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The journeys of African American women are found in literature of all kinds, fiction and nonfiction, songs and plays, written poetry and spoken word. Spirituality is an integral part in telling our stories along those journeys. As African American women find their own voices, the stories they share also serve to foster spiritual wholeness.

Presented by Dr. Stephanie Y. Mitchem (USC), this talk will explore the ways African American women create communal meaning and personal identities while naming their concepts of faith and salvation. From this perspective, Dr. Mitchem will consider the work of several African American women writers, including—but not limited to—Alice Walker, Billie Holliday, Iyanla Vanzant, and Toni Morrison.

Free and open to the public, this program is sponsored by South Carolina Humanities, a not-for-profit organization; inspiring, engaging and enriching South Carolinians with programs on literature, history, culture and heritage.

This event will be held at historic Grace Chapel AME Church, 502 Charles Street, in Beaufort, South Carolina. Many thanks to Grace Chapel for sharing this beautiful sanctuary with us for this Pat Conroy Literary Center program.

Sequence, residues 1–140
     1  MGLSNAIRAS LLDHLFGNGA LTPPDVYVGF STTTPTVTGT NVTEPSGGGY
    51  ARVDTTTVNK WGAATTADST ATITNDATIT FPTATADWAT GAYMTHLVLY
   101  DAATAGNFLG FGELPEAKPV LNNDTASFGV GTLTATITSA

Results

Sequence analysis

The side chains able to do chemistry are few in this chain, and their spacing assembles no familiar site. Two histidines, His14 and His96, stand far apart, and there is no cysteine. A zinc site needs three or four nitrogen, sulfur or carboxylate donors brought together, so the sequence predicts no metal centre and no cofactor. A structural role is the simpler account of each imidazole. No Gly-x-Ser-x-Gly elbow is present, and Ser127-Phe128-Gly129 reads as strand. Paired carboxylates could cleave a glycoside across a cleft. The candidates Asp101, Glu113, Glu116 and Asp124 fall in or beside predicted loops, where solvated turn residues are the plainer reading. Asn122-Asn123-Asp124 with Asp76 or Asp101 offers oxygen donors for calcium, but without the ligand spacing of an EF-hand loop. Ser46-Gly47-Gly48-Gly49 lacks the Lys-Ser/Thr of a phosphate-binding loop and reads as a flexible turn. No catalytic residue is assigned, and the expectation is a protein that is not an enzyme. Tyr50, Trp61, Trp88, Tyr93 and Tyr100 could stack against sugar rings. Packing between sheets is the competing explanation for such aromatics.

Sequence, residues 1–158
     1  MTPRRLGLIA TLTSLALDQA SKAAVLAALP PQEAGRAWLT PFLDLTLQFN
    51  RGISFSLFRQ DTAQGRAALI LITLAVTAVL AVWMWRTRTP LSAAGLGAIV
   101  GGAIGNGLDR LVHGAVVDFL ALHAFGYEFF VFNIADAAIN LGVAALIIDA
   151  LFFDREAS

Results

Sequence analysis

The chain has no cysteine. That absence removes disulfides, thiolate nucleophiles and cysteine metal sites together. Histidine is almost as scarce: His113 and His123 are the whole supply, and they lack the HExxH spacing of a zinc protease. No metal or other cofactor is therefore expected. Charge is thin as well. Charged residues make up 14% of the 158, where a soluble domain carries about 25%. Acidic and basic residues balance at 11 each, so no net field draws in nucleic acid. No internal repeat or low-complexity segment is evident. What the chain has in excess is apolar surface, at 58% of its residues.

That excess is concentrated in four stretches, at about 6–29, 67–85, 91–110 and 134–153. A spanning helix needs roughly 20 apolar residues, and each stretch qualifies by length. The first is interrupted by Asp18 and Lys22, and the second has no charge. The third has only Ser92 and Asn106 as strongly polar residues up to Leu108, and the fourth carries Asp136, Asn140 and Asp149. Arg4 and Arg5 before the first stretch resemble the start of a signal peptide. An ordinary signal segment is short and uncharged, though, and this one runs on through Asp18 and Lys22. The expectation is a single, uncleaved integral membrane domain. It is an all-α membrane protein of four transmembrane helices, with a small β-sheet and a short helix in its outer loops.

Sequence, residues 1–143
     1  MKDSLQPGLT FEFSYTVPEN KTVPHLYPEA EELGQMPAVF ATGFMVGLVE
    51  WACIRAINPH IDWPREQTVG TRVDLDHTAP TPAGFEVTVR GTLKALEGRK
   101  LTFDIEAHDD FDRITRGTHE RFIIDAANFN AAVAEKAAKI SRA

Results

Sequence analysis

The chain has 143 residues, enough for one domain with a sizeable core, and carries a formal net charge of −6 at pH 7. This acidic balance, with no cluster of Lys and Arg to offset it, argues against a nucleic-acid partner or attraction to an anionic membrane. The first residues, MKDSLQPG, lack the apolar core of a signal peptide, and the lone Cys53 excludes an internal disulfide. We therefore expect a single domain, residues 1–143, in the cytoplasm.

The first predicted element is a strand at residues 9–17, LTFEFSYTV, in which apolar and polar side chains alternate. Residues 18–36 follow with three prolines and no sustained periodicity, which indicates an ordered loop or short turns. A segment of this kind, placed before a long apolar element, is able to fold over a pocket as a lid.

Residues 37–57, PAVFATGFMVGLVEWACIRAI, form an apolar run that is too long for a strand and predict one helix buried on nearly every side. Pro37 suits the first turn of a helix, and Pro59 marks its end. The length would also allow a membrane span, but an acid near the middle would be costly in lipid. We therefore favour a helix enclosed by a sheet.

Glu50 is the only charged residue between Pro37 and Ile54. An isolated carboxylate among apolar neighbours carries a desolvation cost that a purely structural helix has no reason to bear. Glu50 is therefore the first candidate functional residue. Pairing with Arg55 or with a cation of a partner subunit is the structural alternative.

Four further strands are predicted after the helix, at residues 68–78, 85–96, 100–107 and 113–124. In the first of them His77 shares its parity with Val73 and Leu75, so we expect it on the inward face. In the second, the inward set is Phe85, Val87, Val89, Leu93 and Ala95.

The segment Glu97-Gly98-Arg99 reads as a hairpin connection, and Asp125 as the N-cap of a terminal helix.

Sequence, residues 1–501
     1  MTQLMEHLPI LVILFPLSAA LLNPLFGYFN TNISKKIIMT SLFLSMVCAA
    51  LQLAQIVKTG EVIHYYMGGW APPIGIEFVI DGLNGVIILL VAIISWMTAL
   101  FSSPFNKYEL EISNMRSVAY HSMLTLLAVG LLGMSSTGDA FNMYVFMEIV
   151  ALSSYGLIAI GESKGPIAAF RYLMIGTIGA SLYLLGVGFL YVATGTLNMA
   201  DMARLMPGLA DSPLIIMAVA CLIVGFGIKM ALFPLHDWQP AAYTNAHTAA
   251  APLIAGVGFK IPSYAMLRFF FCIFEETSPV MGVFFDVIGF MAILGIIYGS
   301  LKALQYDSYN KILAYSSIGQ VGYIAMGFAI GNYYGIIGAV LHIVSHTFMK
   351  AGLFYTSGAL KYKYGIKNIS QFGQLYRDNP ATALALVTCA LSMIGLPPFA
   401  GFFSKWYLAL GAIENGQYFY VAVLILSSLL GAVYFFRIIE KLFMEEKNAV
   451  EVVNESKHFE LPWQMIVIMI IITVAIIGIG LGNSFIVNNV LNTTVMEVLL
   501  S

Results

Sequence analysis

Website: Facebook Event Page

About our Presenter:

University of South Carolina professor Stephanie Y. Mitchem holds a joint appointment with the Women’s and Gender Studies Program and the Department of Religious Studies at USC in Columbia. Mitchem earned her Ph.D. from Northwestern University and focuses her research on exploring the rich religious contexts and meanings of African American women and men. She has authored numerous articles in addition to three books: African American Women Tapping Power (Wipf and Stock, 2010 reprint), African American Folk Healing (New York University Press, 2007), and Name It and Claim It: Prosperity Preaching and the Black Church (Pilgrim Press, 2007). Mitchem is also coeditor with Emilie M. Townes of Faith, Health, and Healing Among African Americans (Praeger, 2008).


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